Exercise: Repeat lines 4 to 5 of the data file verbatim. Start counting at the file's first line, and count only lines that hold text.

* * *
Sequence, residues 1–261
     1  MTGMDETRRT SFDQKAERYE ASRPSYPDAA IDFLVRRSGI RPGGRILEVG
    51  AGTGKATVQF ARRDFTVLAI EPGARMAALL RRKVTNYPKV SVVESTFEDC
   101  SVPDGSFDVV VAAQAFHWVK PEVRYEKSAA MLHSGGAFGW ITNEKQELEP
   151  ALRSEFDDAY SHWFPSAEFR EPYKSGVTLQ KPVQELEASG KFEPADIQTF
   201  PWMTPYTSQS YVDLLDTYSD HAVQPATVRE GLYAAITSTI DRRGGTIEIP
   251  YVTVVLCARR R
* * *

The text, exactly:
   101  SVPDGSFDVV VAAQAFHWVK PEVRYEKSAA MLHSGGAFGW ITNEKQELEP
   151  ALRSEFDDAY SHWFPSAEFR EPYKSGVTLQ KPVQELEASG KFEPADIQTF